Many Bahrainis pointed to the unscheduled visit last Saturday to Bahrain by US secretary of defence Robert Gates, who had closed meetings with the regime’s top brass. Days earlier, Britain’s top national security adviser

Sir Peter Ricketts also had a private meeting with the Bahraini king.

Middle East analyst Ralph Schoeneman said: “This level of coordination does not result in full-scale invasion 24 hours later by virtual puppet regimes without taking their cues and instruction from their military suppliers and political overseers. The Fifth Fleet is centred in Bahrain as is US and British military intelligence. It is a vital launching point for the occupation of Iraq and Afghanistan, serving also as the staging ground for projection of western power against Iran.”

Finian Cunningham is a Global Research Middle East Correespondent based in Manama

Comment on Global Research Articles on our Facebook page

Become a Member of Global Research

Articles by: Finian Cunningham

About the author:

Finian Cunningham has written extensively on international affairs, with articles published in several languages. Many of his recent articles appear on the renowned Canadian-based news website He is a Master’s graduate in Agricultural Chemistry and worked as a scientific editor for the Royal Society of Chemistry, Cambridge, England, before pursuing a career in journalism. He specialises in Middle East and East Africa issues and has also given several American radio interviews as well as TV interviews on Press TV and Russia Today. Previously, he was based in Bahrain and witnessed the political upheavals in the Persian Gulf kingdom during 2011 as well as the subsequent Saudi-led brutal crackdown against pro-democracy protests.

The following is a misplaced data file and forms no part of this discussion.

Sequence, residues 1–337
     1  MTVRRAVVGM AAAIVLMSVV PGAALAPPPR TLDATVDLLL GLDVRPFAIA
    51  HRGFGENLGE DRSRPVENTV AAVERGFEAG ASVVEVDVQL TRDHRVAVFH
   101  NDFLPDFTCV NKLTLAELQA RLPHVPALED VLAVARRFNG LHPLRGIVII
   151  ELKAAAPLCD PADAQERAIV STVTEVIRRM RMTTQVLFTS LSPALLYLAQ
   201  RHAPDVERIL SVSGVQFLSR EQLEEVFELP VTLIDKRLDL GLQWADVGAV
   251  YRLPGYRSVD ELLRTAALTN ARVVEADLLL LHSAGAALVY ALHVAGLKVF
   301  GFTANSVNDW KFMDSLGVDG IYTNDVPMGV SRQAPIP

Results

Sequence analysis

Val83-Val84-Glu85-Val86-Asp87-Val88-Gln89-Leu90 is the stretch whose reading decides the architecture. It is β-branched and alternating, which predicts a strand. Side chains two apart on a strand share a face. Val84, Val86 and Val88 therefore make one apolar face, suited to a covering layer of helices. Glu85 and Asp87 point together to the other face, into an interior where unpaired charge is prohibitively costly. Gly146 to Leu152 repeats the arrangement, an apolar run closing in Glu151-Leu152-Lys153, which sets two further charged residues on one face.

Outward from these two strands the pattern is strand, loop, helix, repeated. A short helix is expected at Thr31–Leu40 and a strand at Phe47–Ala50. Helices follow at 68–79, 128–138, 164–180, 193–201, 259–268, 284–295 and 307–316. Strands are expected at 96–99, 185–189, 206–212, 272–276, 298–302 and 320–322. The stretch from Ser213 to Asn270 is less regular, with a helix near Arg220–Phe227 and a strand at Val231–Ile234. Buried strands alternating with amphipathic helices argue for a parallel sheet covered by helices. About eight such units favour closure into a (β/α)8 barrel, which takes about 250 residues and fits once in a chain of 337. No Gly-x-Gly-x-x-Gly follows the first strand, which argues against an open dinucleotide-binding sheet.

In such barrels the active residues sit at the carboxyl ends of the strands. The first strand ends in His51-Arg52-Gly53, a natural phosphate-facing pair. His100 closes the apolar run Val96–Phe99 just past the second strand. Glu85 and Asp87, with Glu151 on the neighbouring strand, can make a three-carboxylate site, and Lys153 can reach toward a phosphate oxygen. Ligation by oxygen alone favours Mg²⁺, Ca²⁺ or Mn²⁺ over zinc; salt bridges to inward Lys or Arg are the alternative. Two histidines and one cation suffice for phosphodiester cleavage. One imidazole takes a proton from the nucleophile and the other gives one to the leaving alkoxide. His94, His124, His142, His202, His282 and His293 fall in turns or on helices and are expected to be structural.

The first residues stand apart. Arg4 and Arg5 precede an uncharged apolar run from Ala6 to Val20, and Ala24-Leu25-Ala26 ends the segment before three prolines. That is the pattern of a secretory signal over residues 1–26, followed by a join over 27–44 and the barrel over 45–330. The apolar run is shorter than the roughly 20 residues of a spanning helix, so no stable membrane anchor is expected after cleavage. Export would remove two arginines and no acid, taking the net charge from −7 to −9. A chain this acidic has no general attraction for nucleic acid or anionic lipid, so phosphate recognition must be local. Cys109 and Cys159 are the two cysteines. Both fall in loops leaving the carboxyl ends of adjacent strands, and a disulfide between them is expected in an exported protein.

Disclaimer: The contents of this article are of sole responsibility of the author(s). The Centre for Research on Globalization will not be responsible for any inaccurate or incorrect statement in this article. The Centre of Research on Globalization grants permission to cross-post Global Research articles on community internet sites as long the source and copyright are acknowledged together with a hyperlink to the original Global Research article. For publication of Global Research articles in print or other forms including commercial internet sites, contact: [email protected] contains copyrighted material the use of which has not always been specifically authorized by the copyright owner. We are making such material available to our readers under the provisions of "fair use" in an effort to advance a better understanding of political, economic and social issues. The material on this site is distributed without profit to those who have expressed a prior interest in receiving it for research and educational purposes. If you wish to use copyrighted material for purposes other than "fair use" you must request permission from the copyright owner.

For media inquiries: [email protected]